When news of Ric Ocasek’s death broke earlier this month, the range of artists who grieved publicly—Beck, Ice T, Nile Rodgers—showed the wide influence the Cars achieved as one of the most popular new-wave bands ever. One of the sharpest and most apt tributes came from A. C. Newman of the Canadian indie-rock band the New Pornographers. “I don’t even need to listen to the first Cars album, just press play in my brain,” he tweeted. “It’s cued up.” Another thought: “The deep in the pocket minimalist groove combined with the maximalist wall of vocals, that is my favorite part of the Cars’ magic.”
The specificity of his appreciations wasn’t surprising. With their intricate but immediate rock that features bright keyboards and cliché-tweaking lyrics, the New Pornographers are one of the proudest descendants of the Cars working today. By phone, Newman selected some of his favorite songs from Ocasek’s catalog to dissect. His band’s eighth studio album, In the Morse Code of Brake Lights—which coincidentally features an automotive theme throughout, just as many Cars songs did—comes out Friday. This conversation has been edited.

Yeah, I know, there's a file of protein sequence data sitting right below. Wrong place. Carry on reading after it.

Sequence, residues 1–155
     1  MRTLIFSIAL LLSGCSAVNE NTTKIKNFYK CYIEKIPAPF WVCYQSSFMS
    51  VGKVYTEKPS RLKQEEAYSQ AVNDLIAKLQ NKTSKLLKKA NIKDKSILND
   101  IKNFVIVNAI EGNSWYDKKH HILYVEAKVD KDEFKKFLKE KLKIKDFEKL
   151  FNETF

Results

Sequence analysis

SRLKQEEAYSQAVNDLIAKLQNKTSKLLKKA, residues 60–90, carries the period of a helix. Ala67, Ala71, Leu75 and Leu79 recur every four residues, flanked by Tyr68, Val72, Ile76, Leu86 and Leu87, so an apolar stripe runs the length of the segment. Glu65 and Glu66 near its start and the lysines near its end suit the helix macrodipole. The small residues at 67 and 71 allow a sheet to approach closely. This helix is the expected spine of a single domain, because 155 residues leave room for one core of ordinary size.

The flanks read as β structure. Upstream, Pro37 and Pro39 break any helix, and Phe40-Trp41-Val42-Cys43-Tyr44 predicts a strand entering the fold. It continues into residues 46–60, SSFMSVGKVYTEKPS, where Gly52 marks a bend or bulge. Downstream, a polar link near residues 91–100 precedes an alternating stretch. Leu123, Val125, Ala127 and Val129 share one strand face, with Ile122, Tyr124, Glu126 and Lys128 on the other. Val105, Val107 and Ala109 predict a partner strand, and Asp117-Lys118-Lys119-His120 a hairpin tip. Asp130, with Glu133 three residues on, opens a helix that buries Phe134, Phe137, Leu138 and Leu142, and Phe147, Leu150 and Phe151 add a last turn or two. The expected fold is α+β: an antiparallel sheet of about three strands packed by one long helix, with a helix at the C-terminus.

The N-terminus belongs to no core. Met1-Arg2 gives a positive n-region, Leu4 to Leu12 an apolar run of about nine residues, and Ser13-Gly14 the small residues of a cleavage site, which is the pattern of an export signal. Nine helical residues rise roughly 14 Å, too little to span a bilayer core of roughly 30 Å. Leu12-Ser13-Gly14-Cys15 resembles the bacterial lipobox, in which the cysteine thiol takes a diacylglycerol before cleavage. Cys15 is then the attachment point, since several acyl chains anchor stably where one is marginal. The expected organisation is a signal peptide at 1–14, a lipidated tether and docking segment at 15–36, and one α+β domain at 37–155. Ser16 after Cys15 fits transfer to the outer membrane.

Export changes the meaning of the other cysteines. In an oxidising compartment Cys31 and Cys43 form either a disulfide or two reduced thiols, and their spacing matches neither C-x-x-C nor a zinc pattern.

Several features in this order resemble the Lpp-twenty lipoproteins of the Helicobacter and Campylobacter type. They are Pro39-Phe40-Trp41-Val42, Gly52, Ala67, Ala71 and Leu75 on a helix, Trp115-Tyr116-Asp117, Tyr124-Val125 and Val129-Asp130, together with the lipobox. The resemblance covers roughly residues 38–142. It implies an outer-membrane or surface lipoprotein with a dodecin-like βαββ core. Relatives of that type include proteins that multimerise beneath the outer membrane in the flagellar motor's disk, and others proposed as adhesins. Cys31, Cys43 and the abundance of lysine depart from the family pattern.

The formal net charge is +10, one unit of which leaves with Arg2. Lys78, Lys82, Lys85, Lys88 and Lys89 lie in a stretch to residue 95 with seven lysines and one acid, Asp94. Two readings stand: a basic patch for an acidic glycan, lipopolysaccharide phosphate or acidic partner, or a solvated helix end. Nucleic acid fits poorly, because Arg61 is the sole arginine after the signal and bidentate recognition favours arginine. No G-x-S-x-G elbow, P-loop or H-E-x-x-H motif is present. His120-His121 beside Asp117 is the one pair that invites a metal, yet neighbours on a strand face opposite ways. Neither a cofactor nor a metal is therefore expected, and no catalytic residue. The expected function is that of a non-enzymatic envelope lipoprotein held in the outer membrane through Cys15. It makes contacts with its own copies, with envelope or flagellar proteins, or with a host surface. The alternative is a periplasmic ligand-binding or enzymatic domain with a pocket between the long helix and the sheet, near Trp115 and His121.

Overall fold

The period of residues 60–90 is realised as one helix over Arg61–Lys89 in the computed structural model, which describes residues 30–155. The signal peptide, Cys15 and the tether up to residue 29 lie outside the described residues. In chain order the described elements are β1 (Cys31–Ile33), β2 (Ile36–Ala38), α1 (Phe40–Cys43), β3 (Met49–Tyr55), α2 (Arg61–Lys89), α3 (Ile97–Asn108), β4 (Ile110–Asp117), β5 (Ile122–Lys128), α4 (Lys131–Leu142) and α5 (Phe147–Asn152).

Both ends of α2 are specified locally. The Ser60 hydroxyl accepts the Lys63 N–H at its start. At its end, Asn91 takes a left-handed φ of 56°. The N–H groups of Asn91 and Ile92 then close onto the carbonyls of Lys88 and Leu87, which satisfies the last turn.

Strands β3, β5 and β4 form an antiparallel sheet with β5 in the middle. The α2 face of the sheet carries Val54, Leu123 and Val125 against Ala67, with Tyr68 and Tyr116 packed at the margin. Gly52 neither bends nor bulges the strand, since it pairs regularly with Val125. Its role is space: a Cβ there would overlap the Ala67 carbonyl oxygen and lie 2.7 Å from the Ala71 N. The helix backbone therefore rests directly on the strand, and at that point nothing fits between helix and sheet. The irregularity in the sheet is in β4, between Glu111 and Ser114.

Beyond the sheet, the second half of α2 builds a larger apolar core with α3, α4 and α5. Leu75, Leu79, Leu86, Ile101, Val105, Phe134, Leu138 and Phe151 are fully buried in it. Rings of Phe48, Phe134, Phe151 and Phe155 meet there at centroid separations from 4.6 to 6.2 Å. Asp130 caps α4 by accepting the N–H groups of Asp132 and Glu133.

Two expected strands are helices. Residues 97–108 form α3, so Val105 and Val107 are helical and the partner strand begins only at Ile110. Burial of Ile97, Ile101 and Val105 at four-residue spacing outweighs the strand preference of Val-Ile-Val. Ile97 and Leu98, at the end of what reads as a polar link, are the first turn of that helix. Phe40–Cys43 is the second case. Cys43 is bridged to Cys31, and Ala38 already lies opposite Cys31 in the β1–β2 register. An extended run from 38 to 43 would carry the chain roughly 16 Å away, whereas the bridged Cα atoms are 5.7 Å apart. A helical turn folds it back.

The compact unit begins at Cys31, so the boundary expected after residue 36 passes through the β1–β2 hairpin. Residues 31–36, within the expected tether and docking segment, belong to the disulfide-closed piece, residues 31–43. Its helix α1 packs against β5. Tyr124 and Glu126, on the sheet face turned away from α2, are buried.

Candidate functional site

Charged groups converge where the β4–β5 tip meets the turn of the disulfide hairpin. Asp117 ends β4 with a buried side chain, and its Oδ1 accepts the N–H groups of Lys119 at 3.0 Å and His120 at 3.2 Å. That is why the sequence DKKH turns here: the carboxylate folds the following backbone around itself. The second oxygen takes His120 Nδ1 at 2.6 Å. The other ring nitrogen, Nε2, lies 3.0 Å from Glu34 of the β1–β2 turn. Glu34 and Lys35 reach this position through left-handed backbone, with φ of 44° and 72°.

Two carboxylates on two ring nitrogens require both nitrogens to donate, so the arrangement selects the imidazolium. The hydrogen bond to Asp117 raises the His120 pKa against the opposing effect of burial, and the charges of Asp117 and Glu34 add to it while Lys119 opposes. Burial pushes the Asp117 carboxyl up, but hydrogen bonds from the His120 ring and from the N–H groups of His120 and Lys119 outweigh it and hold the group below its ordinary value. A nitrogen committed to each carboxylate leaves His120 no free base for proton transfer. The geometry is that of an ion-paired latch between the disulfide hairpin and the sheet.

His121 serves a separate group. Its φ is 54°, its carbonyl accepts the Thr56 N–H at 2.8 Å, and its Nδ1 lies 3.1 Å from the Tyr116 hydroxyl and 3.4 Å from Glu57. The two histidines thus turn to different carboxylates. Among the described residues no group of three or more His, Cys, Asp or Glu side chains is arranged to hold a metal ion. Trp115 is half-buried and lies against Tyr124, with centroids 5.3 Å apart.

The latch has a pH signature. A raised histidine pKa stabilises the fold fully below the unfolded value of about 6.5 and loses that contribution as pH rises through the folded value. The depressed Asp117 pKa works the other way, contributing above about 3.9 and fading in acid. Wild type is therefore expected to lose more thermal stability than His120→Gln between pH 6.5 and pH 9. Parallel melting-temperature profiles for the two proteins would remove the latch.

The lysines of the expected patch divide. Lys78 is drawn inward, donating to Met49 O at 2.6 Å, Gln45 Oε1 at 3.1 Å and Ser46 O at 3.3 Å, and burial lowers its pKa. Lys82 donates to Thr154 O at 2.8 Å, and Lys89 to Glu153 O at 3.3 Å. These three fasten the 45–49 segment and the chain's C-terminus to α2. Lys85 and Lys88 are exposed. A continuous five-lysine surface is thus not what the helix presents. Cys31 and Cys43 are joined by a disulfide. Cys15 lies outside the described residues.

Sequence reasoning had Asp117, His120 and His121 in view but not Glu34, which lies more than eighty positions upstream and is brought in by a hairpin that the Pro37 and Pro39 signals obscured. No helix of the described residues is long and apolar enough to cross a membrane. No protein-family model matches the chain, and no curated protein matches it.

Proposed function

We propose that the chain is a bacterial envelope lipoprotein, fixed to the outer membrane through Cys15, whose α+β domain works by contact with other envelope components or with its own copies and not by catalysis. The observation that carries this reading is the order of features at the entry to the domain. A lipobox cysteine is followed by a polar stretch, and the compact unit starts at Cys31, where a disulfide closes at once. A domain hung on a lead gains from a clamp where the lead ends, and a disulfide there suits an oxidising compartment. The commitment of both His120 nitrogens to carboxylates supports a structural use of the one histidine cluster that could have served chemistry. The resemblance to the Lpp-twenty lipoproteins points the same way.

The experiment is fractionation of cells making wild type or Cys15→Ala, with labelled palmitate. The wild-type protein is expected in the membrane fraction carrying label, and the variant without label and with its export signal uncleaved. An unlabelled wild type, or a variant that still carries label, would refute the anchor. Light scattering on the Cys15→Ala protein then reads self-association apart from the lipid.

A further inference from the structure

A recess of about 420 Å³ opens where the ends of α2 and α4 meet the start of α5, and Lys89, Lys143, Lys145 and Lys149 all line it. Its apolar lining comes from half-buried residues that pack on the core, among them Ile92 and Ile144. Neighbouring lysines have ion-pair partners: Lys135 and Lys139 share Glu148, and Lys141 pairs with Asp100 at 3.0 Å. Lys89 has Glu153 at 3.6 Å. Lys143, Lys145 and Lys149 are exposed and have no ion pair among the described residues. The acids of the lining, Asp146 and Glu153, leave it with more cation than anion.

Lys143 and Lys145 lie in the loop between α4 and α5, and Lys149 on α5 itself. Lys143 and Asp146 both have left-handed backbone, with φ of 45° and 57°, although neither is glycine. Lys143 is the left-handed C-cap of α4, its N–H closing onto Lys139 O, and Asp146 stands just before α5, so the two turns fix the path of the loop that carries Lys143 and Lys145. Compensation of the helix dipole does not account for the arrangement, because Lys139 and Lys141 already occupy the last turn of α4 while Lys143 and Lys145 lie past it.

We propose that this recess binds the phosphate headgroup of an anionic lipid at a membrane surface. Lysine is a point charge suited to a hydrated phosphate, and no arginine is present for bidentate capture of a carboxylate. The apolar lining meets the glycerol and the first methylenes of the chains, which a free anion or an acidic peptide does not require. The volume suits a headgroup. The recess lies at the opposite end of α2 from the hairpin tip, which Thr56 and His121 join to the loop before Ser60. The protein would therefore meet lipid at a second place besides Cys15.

“Good Times Roll” (1978)
A. C. Newman: When I was 10 years old, what I wanted for Christmas was the Cars’ album. Now, after Ric Ocasek’s passing, I realize [that] subconsciously, I’ve taken a lot from the Cars’ music. In “Good Times Roll,” that offbeat syncopated groove—almost an angular reggae—that’s a go-to of mine. In particular I think of “Jackie” from Mass Romantic. I was trying to figure out, what can we do in the second verse to kick it into another gear? And I wasn’t sure exactly when I was doing it, but I gave it that “Good Times Roll” groove. It’s so effective.